Home>Distribution>3PLs>A strategic view
Home>Industry Sector>Distribution>A strategic view
Home>Industry Sector>Retail/E-tail>A strategic view

A strategic view

01 June 2018

The focus is on optimising delivery networks to keep up with consumer demand, says John Perry, MD at supply chain consultancy SCALA.

With smartphones making shopping more convenient than ever for customers, consumers are also expecting more from retailers in terms of quicker delivery times and faster checkout processes – 67% of consumers would be more inclined to spend more online if same-day delivery was offered.

To meet these demands, more retailers are beginning to offer next day delivery and even same day delivery options. For instance, online retailer, ASOS, offers this service for shoppers in London, Leeds, Manchester and now also in Birmingham. 

But this is placing incredible pressure on the supply chain, which has to carry the weight of the increasing demands. More distribution centre space is needed to keep up with growing demand. However, the issue that businesses are currently facing is that distribution centre space is in decline. In fact, since 2009, the amount of available warehousing space has fallen by 71%. Global real estate service provider, Savills, estimated that there is only around two and a half years’ worth of supply left. Soon, it could mean that companies have to limit the number of products or services they can offer to customers, such as only offering quicker delivery options on popular items that have a high turnover rate.

Suppliers and retailers alike are all under increasing pressure to provide products on a shorter timescale and reduce the cost of their supply chain activities. Network optimisation is directly concerned with addressing these issues and can incorporate a wide range of options. A company will begin by gathering data on the activities, volumes and capacity of the end-to-end supply chain, which can then be used to analyse, test and inform strategic decisions concerning warehouse location, size, type and transport requirements for example. The ultimate solution will be one that achieves a better balance between cost, efficiency and service.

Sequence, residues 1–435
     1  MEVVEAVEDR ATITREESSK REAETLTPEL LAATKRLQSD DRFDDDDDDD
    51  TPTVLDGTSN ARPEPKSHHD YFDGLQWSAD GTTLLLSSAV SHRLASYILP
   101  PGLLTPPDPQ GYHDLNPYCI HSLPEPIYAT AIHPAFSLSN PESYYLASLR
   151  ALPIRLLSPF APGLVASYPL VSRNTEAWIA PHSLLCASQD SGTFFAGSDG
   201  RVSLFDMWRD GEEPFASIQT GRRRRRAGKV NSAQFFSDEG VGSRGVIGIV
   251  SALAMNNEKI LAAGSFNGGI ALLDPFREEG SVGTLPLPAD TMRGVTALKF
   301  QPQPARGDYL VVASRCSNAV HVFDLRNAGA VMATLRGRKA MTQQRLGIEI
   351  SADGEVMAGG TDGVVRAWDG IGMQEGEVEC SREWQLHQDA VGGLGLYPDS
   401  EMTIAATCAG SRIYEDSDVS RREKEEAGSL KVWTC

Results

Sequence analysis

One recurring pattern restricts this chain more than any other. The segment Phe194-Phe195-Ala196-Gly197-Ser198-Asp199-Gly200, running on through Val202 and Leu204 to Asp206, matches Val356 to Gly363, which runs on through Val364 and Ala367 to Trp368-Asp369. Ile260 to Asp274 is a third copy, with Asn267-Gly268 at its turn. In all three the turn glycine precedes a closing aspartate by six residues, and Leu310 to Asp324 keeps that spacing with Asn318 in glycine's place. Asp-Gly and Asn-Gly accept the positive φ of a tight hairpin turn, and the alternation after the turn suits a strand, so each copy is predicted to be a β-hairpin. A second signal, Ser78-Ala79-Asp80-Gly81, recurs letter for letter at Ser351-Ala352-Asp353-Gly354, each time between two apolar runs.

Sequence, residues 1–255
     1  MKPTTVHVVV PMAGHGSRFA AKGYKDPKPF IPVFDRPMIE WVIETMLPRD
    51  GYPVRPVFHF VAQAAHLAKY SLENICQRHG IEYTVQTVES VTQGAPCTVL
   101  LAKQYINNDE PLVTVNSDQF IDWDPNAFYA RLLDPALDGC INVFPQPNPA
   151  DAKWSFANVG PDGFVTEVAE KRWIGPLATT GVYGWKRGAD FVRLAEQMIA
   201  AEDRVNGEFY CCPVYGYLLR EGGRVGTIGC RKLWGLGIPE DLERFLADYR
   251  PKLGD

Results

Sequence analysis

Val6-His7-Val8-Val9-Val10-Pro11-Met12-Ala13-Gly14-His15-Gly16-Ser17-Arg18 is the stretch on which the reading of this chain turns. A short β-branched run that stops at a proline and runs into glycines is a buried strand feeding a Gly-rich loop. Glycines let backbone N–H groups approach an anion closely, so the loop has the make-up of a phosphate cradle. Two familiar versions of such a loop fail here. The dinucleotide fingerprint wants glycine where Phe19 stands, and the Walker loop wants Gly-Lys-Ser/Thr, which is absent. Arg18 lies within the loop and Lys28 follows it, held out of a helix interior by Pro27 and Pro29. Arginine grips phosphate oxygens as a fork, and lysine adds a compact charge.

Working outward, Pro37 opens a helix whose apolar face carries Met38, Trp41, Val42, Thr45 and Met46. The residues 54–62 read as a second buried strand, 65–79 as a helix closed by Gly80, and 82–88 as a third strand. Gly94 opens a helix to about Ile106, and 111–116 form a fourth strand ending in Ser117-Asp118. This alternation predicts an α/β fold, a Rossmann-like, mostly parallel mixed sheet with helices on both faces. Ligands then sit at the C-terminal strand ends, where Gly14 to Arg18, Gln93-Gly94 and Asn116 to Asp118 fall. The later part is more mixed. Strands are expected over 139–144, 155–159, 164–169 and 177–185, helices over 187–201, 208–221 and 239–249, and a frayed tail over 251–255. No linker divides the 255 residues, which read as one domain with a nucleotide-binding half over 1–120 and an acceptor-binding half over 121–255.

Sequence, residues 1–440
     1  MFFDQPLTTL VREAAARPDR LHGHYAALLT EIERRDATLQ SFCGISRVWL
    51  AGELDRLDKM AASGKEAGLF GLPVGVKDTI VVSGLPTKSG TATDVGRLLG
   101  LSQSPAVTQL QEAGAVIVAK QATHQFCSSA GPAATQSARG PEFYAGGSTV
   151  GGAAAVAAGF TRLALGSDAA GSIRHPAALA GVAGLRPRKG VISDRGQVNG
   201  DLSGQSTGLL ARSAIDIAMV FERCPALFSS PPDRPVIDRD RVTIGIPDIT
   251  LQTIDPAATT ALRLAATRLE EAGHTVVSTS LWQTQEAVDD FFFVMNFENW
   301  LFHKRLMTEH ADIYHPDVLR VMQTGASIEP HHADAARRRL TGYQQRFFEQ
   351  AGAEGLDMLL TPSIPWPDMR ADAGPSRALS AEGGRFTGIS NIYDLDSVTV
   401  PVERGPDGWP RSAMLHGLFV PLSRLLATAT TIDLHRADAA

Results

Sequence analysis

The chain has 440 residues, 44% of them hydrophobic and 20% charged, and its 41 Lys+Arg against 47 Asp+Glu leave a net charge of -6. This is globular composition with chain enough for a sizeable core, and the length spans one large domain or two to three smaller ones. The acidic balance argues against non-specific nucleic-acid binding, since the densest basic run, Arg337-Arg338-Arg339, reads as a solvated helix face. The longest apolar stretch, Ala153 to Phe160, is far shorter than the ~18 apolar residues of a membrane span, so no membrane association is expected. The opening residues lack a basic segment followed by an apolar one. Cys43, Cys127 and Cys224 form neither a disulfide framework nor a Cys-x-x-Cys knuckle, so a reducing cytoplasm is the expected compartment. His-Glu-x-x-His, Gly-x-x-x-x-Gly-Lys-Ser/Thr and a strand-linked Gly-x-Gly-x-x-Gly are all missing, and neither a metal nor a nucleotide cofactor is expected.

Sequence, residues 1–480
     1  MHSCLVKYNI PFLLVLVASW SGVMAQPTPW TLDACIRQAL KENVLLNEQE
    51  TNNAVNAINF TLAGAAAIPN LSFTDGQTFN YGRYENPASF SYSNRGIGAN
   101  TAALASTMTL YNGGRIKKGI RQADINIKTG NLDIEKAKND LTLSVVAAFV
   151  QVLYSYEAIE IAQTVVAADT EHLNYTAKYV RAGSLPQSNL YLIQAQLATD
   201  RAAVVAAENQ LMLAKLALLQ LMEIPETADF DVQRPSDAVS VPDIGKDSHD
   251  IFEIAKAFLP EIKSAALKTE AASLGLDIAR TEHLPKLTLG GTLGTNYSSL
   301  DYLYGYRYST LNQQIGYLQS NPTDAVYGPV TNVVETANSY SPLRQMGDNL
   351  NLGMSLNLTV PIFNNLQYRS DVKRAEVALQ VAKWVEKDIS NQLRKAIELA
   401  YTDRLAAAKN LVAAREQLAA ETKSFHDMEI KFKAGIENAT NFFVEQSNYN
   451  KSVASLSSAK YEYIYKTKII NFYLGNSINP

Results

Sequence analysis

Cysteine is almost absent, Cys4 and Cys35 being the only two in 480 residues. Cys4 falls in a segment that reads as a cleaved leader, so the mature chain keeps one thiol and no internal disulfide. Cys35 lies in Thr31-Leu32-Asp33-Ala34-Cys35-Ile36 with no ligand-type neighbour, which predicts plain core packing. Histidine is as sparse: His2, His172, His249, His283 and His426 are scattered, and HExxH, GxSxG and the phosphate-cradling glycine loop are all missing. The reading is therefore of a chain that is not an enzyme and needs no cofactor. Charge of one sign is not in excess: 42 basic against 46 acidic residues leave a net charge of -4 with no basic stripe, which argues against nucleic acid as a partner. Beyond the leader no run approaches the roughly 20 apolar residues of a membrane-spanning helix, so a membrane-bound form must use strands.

Say an online clothing retailer identifies higher than expected volume growth in the South West of the UK and needs to devise a strategy for optimising the network. After analysing the capabilities of its resources and locations compared to the delivery points, it is evident that the warehouses aren’t able to hold enough stock, and it doesn’t have an adequate number of delivery drivers to ensure customers can get their products in time. In this instance, depending on factors, such as warehouse contracts and funds available for investment, potential solutions could be anything from relocating a warehouse to an improved location, opening an additional warehouse, modifying the existing site or using a third-party provider for additional storage and transport at the geographical extremities.

To avoid limiting their product offering, it is crucial that businesses understand such issues as network efficiency and the importance of optimisation, to enable them to plan and test their supply chains, quantifying and identifying future capacity constraints, and to examine if they can handle the changing consumer landscape effectively and efficiently. If not, then businesses could struggle with future trends and their ability to adapt to growing consumer needs.